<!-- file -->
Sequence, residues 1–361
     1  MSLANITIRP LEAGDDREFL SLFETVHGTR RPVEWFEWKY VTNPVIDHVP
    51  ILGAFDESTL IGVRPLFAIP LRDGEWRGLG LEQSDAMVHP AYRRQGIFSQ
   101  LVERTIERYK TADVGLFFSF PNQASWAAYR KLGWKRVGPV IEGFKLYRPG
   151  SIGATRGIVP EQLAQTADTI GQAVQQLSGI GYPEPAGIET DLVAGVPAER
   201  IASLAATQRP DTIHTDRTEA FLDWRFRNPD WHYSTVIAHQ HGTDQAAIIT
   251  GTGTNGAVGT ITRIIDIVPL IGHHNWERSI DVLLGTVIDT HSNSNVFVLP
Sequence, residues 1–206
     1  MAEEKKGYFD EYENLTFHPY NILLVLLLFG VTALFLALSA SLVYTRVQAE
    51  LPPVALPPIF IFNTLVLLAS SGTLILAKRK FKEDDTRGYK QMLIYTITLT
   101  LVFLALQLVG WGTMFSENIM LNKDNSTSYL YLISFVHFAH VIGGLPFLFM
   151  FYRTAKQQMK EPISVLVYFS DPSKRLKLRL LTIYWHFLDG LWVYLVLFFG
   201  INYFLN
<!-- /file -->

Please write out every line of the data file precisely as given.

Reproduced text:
Sequence, residues 1–361
     1  MSLANITIRP LEAGDDREFL SLFETVHGTR RPVEWFEWKY VTNPVIDHVP
    51  ILGAFDESTL IGVRPLFAIP LRDGEWRGLG LEQSDAMVHP AYRRQGIFSQ
   101  LVERTIERYK TADVGLFFSF PNQASWAAYR KLGWKRVGPV IEGFKLYRPG
   151  SIGATRGIVP EQLAQTADTI GQAVQQLSGI GYPEPAGIET DLVAGVPAER
   201  IASLAATQRP DTIHTDRTEA FLDWRFRNPD WHYSTVIAHQ HGTDQAAIIT
   251  GTGTNGAVGT ITRIIDIVPL IGHHNWERSI DVLLGTVIDT HSNSNVFVLP
Sequence, residues 1–206
     1  MAEEKKGYFD EYENLTFHPY NILLVLLLFG VTALFLALSA SLVYTRVQAE
    51  LPPVALPPIF IFNTLVLLAS SGTLILAKRK FKEDDTRGYK QMLIYTITLT
   101  LVFLALQLVG WGTMFSENIM LNKDNSTSYL YLISFVHFAH VIGGLPFLFM
   151  FYRTAKQQMK EPISVLVYFS DPSKRLKLRL LTIYWHFLDG LWVYLVLFFG
   201  INYFLN